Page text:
If Health Insurance Mandates Are Unconstitutional, Why Did the Founding Fathers Back Them?
Einer Elhauge | The New Republic: The founding fathers, it turns out, passed several mandates of their own. In 1790, the very first Congress—which incidentally included 20 framers—passed a law that included a mandate: namely, a requirement that ship owners buy medical insurance for their seamen. This law was then signed by another framer: President George Washington. That’s right, the father of our country had no difficulty imposing a health insurance mandate. Read the full article
Defining (Way) Down The Middle Class
Alec MacGillis | The New Republic: The Wall Street Journal’s lead editorial on Friday praised Rhode Island’s efforts reining in Medicaid costs after having gotten special flexibility from the Bush administration, and argued that this demonstrated the wisdom of block-granting Medicaid to the states, as Mitt Romney and other Republicans are calling for. There’s a strong argument to be made on the other side that block-granting is just a cover for major Medicaid cuts. Read the full article.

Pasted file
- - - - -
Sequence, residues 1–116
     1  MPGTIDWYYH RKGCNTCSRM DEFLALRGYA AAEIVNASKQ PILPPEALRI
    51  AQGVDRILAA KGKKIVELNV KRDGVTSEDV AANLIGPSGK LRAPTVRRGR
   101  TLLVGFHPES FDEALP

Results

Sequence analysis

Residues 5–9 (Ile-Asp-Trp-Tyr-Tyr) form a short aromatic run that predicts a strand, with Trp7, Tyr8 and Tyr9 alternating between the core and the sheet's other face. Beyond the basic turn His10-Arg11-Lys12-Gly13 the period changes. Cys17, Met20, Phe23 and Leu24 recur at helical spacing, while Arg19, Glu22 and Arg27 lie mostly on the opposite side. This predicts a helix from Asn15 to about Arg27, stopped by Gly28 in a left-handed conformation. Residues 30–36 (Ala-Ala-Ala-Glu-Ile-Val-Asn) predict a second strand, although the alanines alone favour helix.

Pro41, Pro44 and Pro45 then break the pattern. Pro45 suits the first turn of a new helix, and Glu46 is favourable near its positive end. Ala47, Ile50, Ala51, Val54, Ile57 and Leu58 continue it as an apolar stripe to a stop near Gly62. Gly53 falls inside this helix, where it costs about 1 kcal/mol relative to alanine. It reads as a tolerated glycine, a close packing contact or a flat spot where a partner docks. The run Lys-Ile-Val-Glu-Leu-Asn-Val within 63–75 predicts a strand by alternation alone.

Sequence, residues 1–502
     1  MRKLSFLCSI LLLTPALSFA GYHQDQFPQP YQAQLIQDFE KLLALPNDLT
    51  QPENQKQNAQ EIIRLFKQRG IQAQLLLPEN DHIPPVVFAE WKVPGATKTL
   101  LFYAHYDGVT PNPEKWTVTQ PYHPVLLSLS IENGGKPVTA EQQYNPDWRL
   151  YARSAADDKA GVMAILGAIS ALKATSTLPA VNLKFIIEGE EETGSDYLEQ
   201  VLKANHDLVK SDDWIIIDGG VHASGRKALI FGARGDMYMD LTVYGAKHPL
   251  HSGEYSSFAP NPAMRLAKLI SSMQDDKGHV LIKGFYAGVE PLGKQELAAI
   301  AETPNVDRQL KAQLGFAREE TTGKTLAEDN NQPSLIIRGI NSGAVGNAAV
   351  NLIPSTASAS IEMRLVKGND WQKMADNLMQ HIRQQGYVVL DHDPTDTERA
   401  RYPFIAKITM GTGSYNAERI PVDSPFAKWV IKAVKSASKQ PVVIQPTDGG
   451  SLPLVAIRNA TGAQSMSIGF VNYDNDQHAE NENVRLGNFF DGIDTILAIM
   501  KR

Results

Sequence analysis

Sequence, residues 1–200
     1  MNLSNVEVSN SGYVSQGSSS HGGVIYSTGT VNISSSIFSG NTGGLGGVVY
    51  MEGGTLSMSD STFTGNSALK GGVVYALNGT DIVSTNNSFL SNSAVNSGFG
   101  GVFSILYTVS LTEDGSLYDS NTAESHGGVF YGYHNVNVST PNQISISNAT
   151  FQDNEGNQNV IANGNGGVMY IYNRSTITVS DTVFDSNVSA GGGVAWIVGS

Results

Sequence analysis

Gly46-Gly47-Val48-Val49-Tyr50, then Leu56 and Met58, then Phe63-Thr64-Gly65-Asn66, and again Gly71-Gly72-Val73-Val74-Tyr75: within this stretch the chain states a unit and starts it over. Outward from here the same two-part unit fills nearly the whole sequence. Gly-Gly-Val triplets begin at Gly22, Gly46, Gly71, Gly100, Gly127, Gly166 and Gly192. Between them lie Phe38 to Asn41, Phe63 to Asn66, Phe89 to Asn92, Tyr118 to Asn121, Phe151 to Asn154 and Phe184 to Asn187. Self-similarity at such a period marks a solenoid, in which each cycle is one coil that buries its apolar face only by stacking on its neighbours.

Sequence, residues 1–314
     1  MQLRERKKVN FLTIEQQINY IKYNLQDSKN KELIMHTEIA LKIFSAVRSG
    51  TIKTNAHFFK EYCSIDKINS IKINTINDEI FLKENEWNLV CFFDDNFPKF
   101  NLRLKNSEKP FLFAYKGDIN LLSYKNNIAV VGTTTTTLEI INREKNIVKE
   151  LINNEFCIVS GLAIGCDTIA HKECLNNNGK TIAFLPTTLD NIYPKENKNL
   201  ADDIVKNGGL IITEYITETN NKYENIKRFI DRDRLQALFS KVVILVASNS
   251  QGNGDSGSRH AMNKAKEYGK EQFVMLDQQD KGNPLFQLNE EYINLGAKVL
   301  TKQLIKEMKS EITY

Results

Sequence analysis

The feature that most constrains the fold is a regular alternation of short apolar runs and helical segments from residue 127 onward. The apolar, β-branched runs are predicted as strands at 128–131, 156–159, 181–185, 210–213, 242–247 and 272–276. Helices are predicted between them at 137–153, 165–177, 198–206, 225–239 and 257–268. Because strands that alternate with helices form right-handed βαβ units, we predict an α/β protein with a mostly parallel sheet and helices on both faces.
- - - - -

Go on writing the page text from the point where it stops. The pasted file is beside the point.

Planned Parenthood Sues Texas Over Poor Women’s Access To Health Care
Jessica Pieklo | Care2 Make a Difference: Planned Parenthood claims that a new state law banning organizations affiliated with abortion providers from participating in the program amounts to unconstitutional discrimination by association. The groups, none of which provide abortions, contend that the law has nothing to do with providing medical care and is simply intended to silence individuals or groups who support abortion rights. Texas law already requires that groups receiving federal or state funding be legally and financially separate from clinics that perform abortions. Read the full article.
If Obamacare Is Struck Down, These Americans Are in Trouble
Millions could be hurt if the Supreme Court scraps health care reform. Here are their stories.
Marla Tipping’s 14-year-old son, Cam, has to have his blood cleaned every two weeks. He has a rare condition that makes his body produce too much cholesterol. Tipping says her family has had “to be absolutely vigilant in never having a lapse in coverage…because many carriers would never carry you with a preexisting condition again.” That was the case before the passage of the Affordable Care Act. Read the full article.